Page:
- Maj. Nidal Hasan was admitted Saturday to an Army hospital
- He's in good condition and should be out within 48 hours, the military says
- The military psychiatrist is accused of killing 13 people at Fort Hood, Texas, in 2009
The military psychiatrist accused of killing 13 people in a 2009 Fort Hood shooting spree has been admitted to an Army hospital for treatment of an undisclosed condition, the Army base said Monday.
Maj. Nidal Hasan was admitted Saturday to Carl Darnal Medical Center on the Army base in Texas and is expected to be released within 48 hours, Fort Hood's public affairs office said.
The military did not disclose why Hasan was in the hospital, citing federal government regulations against conveying patients' medical information. He was in "good condition" Monday, according to Fort Hood.
His lead military attorney, Lt. Col. Chris Poppe, said only that his client wasn't suffering from a self-inflicted wound.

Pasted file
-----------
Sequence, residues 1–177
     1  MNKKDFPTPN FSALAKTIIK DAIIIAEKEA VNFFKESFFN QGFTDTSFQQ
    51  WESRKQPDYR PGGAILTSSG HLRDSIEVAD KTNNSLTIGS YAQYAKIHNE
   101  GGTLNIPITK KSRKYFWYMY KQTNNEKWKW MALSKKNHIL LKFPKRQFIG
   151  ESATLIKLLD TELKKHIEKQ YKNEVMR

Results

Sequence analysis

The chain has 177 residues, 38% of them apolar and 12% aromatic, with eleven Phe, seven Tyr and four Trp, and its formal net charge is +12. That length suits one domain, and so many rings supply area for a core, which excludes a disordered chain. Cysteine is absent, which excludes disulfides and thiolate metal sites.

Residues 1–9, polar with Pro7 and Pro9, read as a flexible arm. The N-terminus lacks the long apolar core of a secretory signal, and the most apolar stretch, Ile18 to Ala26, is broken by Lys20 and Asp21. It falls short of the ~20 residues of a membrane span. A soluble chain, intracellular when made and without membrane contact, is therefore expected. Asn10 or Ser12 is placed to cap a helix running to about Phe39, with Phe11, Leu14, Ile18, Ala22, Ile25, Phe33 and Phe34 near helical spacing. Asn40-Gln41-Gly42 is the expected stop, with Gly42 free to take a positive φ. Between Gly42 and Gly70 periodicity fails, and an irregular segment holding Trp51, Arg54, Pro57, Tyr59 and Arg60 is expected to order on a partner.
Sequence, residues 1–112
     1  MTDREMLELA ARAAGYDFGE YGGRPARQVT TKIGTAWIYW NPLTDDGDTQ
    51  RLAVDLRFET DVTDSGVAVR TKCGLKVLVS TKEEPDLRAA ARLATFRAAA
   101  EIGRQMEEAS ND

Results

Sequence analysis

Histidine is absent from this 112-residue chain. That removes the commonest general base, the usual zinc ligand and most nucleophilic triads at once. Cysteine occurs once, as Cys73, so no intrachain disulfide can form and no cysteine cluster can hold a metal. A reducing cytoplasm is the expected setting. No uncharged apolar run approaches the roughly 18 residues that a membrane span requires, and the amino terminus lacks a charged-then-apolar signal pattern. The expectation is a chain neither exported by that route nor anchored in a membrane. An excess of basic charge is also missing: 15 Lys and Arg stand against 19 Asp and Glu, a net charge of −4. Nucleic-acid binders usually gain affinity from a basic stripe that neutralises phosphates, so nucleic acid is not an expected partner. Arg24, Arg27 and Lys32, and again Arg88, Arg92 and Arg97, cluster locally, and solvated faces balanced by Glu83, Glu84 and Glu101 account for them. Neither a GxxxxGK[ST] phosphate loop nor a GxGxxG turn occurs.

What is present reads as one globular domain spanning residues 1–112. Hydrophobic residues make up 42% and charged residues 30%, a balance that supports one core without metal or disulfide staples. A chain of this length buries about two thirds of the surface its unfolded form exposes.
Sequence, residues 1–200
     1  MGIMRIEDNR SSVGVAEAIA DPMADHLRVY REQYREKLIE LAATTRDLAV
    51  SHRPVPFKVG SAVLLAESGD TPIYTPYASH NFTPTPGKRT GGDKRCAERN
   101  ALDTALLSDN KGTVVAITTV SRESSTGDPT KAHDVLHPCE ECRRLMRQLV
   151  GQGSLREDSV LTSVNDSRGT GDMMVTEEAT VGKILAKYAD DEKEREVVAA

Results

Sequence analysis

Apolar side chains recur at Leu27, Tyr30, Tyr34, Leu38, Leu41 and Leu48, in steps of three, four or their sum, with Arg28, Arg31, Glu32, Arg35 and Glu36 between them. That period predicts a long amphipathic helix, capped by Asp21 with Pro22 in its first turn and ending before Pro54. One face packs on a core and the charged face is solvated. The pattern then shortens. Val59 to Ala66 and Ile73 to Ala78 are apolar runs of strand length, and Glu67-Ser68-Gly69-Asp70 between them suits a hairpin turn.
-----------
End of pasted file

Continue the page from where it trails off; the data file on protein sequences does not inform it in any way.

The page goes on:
Hasan is accused of opening fire at the large Army post's processing center, where soldiers were preparing to deploy to Afghanistan and Iraq, in November 2009. The solo attack left 32 people wounded, in addition to the 13 killed, while Hasan himself was paralyzed from the waist down after police officers exchanged fire with him.
His court-martial tied to the shooting had been scheduled to start last month. But the Army Court of Criminal Appeals this month delayed its start indefinitely to determine whether his beard can be forcibly shaved during trial.
If convicted, Hasan could be sentenced to death.
A U.S.-born citizen of Palestinian descent, he was a licensed psychiatrist who joined the Army in 1997. He had been scheduled to deploy to Afghanistan before the killings, but had been telling his family since 2001 that he wanted to get out of the military.
Hasan is a Muslim who had told his family he had been taunted after the terrorist attacks of September 11, 2001. Investigations tied to the Fort Hood shootings found he had been communicating via e-mail with Anwar al-Awlaki, the prominent and radical Yemeni-American cleric killed by a U.S. drone attack in 2011.